If you are in the market for a Sprinter base vehicle camper van, you have probably wondered just how many miles a Sprinter van is good for.
A sprinter van that has been well cared for and that consistently gets regular maintenance can last for 300,000 miles or more, depending on the model of the van. Sprinter base vehicle RVs are typically a type of class B motorhome created and sold by a variety of RV manufacturers.
Continue reading on to learn more about what type of issues a sprinter van can have, how often they require serious and costly repairs, and which sprinter on the market is considered the best in its class.
What is a Sprinter Van?
A sprinter van is a Class B motorhome that is designed and built by the Mercedes Benz company. The Mercedes Sprinter van was created in 1995 as a replacement for the Mercedes TN Van that was originally deployed in 1977. While its inception in the mid 1990s was lackluster at best, there has been a renewed interest in the van with the influx of bloggers and travelers that want a manageable RV.
The sprinter van is a larger van than traditional passenger vans and is considered a cross between a passenger and cargo van. Many sprinter vans are purchased with the intention of using a conversion kit and turning the van into a fun, easy to drive, camper van.
Sprinter vans that have gone through conversions usually feature a bed, kitchenette, small dining area and storage for camping gear. Not all sprinter vans undergo conversions, however. Many sprinter vans are often used by repair companies and small package delivery services, such as Amazon.
Do Sprinter Vans Have a lot of Problems?
While the Mercedes Sprinter van is quite reliable, there are a few common issues with these vans that you should note if you are looking to purchase one. The first, and most common issue with the Sprinter Vans is that the exhaust flex pipe of the Sprinter van is known to fail and cause engine problems.
The pipe generates a hot exhaust leak, causing the flex pipe wire to melt. The heated exhaust can also cause the Diesel Exhaust Fluid (DEF) nozzles and, in certain cases, the DEF lines to melt. This causes the engine to stop down until the flex pipe is replaced. The exhaust flex pipe has been known to cut out around 100,000 miles so you can be prepared for this once your odometer is getting close.
Other Common Sprinter Van Issues
The Diesel Particulate Filter (DPF) filters the exhaust particulates to prevent black smoke from escaping the tailpipe of the Sprinter. Foreign particles might obstruct the DPF and cause the exhaust flow to be interrupted. If the exhaust does not exit the engine, you will experience performance bottlenecks and possibly a total engine shutdown.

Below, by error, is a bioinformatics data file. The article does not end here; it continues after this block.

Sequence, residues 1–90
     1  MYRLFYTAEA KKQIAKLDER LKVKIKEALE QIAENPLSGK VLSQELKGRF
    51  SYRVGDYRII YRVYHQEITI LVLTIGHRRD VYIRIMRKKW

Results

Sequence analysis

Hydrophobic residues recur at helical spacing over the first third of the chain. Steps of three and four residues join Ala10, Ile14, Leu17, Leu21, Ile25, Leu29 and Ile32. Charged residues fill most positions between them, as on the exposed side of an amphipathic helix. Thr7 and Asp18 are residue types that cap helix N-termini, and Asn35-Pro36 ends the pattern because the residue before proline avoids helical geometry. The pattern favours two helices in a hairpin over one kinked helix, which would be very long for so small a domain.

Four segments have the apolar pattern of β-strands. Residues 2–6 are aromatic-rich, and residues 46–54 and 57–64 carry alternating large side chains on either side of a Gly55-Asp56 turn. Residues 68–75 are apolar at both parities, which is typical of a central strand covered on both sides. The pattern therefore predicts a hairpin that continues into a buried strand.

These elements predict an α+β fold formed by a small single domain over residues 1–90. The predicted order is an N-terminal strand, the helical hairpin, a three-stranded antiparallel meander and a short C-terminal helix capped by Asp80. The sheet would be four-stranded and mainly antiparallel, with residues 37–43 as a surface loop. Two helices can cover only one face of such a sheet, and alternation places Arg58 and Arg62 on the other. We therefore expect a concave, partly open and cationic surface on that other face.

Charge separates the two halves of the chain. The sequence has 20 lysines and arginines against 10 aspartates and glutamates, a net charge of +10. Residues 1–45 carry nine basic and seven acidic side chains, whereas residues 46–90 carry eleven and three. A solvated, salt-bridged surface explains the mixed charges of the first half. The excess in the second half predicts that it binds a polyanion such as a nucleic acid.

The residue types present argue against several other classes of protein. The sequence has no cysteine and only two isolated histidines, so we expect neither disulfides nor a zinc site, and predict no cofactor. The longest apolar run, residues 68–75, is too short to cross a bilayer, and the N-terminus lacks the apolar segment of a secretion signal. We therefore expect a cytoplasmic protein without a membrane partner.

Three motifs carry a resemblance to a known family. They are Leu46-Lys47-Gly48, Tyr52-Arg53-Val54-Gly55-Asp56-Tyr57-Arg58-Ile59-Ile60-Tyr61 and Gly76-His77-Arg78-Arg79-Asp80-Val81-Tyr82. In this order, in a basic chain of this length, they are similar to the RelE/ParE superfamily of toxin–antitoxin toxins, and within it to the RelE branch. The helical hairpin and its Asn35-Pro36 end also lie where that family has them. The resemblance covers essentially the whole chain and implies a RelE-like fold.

Check Engine Light
If you receive a check engine light while on your delivery route or in the backwoods camping, the Sprinter van may be informing you that the DEF heater has failed. The DEF heater is used in conjunction with the DEF/AdBlue tank, which can solidify if not heated by the DEF heater. Freezing often occurs only during the frigid winter months.
Glow plugs, rather than spark plugs, are used to start the Mercedes Sprinter diesel van’s engine. These plugs, like spark plugs, deteriorate and fail with time, or they can be damaged. The advantage of glow plugs is that they last far longer than spark plugs because they only light up when the van is started.
Less Common Sprinter Van Issues
On Sprinter vehicles, oil leaks, notably oil cooler leaks, are widespread. Oil leaks are most usually caused by the oil cooler gasket and changing the gasket can resolve the issue. Oil cooler leaks, however, must be fixed as soon as possible. This is because the oil pours out of the gasket and onto the engine’s cooler seals. If not fixed immediately, the oil spillage could result in even more costly repairs.
Rumble Strip Issues
If you have ever driven over rumble strips, you are familiar with the Sprinter “Rumble Strip” noise issue. Low or improper transmission fluid might cause your vehicle to sound and feel like it’s driving on a rumble strip. However, the more usual culprit is a worn-out torque converter clutch, which can be rebuilt.
Countdown to Engine Failure
Aside from freezing in cold temperatures, the DEF/AdBlue system can also cause an early startup countdown. This is the number of times you can restart the Sprinter’s engine. You will not be able to start the van once the countdown hits zero. This issue is also caused by faulty DEF and NOX sensors.
Are Sprinter Vans Expensive to Maintain?
The short answer to this question is yes. Sprinter vans made from Mercedes Benz are notoriously expensive to maintain. The reason for this is two-fold. First, Mercedes Benz is a German luxury brand. Like with any other foreign-made luxury vehicle, the parts and pieces that are necessary for repair are expensive.
The second reason that the Sprinter van is expensive to maintain is that Mercedes Benz has a monopoly on the repairs for it. This means that in order to repair a Sprinter van, you must take it to a certified Mercedes dealer for parts and repairs. Parts and service on the Sprinter vans can add up quickly and if the shop is backed up, you may be waiting for a while for it to get repaired.
How Reliable are Sprinter Vans?
In general, the Mercedes Sprinter van is quite reliable, it is a luxury brand after all. Once your van ticks over to the 100,000-mile mark, however, you will most likely start to see several issues creep up. The expensive parts and service for necessary repairs, coupled with the possibility of a long wait time means that most people opt for an extended warranty on their van.
Should I Get an Extended Warranty?
Purchasing an extended warranty from the dealer, which covers well-documented failures, can save a lot of time in the service department and potentially thousands of dollars in repair bills. The only cost is the initial warranty price at the time of your van purchase.